Expected publication: October 31st 2017 by Swoon Reads
Format read: ARC via publisher
But Charlie has a plan: Rig the paper’s Secret Santa and win his heart with five perfect gifts. Enter J.D. Ortiz—Teo’s cousin, and possibly the most annoying person on the planet. He’s easy going, laid back, unorganized, and spontaneous—the exact opposite of Charlie (and Teo). But he knows what Teo wants, so she’s stuck with him.
Yet the more time Charlie spends with J.D. the more she starts to wonder: Does she really know what, or rather who, she wants for Christmas?
Shani Petroff has written a genuinely adorable book about Charlotte “Charlie” Donovan, a perfectionist who has set her mind on winning over Teo Ortiz. She plots her efforts to conquer him around her newspaper’s Secret Santa, and enlists Teo’s cousin J.D. to help. But as she playfully bickers, mocks and gets to know J.D., Charlie starts to feel confused about her feelings…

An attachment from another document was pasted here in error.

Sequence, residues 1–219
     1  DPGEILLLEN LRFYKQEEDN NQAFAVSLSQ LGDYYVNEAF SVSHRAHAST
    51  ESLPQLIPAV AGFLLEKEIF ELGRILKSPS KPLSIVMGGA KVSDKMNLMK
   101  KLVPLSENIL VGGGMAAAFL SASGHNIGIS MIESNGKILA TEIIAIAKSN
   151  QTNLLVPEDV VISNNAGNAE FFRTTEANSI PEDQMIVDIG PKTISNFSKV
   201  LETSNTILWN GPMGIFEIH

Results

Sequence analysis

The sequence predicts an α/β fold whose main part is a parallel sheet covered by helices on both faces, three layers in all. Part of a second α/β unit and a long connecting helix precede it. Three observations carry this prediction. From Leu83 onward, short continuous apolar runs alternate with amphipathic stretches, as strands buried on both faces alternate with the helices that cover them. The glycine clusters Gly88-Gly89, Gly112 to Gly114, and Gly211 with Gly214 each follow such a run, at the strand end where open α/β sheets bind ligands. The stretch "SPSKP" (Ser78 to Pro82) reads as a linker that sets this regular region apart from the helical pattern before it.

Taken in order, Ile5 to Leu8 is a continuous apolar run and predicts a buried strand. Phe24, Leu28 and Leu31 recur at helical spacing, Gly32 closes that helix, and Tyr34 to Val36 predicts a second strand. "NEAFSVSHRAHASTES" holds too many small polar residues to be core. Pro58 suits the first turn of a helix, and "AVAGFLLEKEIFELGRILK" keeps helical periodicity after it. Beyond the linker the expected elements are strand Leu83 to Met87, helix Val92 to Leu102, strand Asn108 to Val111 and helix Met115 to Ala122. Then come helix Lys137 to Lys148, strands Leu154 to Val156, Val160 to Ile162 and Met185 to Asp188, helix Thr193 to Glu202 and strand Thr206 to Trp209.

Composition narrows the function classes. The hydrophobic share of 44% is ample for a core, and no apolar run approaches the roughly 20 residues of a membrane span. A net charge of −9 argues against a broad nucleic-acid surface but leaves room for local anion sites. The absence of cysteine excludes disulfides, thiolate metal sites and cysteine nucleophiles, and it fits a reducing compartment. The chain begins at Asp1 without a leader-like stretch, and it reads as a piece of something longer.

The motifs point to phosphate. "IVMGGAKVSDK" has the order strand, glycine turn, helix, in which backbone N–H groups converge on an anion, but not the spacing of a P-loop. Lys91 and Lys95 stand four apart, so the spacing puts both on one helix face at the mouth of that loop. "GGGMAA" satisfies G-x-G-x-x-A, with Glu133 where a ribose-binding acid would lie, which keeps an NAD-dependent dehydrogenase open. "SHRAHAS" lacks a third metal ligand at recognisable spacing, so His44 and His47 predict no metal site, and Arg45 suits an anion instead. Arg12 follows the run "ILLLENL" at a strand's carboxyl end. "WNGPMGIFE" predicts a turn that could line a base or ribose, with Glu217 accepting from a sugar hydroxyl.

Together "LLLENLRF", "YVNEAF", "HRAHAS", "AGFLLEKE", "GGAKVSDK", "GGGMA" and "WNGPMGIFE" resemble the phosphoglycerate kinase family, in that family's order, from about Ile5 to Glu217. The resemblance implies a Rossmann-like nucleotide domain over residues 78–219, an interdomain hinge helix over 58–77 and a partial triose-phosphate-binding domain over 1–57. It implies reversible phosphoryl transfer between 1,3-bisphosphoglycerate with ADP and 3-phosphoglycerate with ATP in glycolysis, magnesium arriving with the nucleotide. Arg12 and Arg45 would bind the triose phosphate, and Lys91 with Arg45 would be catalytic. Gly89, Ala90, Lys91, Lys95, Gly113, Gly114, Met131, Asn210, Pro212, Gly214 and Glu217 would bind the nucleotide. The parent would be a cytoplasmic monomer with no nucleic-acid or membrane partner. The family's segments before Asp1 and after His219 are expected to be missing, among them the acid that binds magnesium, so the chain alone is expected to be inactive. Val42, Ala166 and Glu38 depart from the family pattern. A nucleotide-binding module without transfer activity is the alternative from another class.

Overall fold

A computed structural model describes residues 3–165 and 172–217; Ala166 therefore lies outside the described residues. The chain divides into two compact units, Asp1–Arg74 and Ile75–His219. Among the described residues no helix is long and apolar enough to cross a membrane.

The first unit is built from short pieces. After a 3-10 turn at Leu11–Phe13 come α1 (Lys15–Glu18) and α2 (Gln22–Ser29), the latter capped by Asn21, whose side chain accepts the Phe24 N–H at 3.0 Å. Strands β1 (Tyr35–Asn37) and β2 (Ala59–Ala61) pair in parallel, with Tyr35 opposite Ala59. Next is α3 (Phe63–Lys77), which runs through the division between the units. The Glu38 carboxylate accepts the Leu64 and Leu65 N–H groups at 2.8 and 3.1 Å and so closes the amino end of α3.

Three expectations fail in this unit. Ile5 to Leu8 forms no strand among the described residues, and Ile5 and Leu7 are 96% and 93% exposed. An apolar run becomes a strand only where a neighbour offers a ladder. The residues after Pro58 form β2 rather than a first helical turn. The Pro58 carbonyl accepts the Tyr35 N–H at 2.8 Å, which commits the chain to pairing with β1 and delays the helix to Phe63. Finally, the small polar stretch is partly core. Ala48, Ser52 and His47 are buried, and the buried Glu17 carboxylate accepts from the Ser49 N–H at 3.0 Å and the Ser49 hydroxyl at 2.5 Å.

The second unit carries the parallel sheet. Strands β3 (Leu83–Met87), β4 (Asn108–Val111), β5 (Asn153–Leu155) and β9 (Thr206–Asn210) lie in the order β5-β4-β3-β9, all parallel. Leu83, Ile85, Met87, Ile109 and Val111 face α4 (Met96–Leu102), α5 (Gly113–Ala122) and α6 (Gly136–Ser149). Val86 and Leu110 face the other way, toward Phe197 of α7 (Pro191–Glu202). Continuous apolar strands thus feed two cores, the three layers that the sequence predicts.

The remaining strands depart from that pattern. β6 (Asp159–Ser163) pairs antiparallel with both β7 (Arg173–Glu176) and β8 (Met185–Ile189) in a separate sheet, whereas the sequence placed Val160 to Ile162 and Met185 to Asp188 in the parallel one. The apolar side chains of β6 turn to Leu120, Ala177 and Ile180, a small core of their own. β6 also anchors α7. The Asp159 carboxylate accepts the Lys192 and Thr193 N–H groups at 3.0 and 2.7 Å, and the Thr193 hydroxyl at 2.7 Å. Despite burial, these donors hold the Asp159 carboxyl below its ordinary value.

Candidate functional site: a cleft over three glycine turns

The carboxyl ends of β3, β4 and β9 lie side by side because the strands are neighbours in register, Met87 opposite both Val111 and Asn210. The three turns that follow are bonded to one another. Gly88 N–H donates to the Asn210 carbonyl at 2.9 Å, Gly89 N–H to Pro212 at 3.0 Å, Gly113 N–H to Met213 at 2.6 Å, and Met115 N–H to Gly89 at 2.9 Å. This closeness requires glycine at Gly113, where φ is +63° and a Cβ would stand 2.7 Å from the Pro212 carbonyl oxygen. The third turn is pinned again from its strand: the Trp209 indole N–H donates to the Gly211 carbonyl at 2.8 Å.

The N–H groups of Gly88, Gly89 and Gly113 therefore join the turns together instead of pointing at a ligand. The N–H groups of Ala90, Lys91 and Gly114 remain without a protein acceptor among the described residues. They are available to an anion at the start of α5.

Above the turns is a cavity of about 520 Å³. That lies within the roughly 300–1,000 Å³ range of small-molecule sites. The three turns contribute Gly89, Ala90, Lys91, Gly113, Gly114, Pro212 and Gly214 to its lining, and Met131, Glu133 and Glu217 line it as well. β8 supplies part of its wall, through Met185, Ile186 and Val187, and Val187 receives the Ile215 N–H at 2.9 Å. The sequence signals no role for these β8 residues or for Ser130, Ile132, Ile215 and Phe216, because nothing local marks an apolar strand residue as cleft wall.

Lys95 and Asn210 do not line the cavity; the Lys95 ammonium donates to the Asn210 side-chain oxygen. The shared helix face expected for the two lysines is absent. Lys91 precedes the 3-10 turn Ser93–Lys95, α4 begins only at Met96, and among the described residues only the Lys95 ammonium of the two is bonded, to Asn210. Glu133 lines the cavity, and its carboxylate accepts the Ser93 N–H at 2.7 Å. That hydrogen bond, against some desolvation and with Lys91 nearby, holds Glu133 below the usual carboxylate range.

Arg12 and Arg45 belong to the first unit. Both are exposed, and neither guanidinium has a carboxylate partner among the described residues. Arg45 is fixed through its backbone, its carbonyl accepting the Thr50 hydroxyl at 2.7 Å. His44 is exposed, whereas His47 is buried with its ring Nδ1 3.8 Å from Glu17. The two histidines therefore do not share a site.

So first things first: you’re going to want to have cookies on hand while you’re reading this. Charlie’s friend is an expert baker, and Petroff has a way of describing her treats that will absolutely make you hungry while reading.
Second, be prepared for some genuinely thoughtful commentary on conflating perfectionism and orchestrated relationships, with a perfect relationship. Much like the equally witty I Believe in a Thing Called Love by Maurene Goo, Petroff’s Charlie initially believes that relationships are a thing that can nudged and perfected, through the right situations. But through trial and error, she eventually learns that relationships can’t always be pushed into the right situations, and are often actually mysterious.
This discovery is partially invoked by the ever-cheerful J.D., who isn’t afraid to tease, provoke and sometimes outright stand up to Charlie. Though at some points he may seem too perfect for words, Petroff is careful to emphasize that his perfection, comes from his willingness to be real with Charlie. This is someone who wants to see all of her, regardless of whether it’s perfect or not – e.g. a certain caroling scene, that had me grinning. It’s what being genuine really means, and readers will be gratified to see how Charlie learns from it.
Without giving away the ending, I’ll just say: it ends on a pitch-perfect note.
Highly recommend, full stop.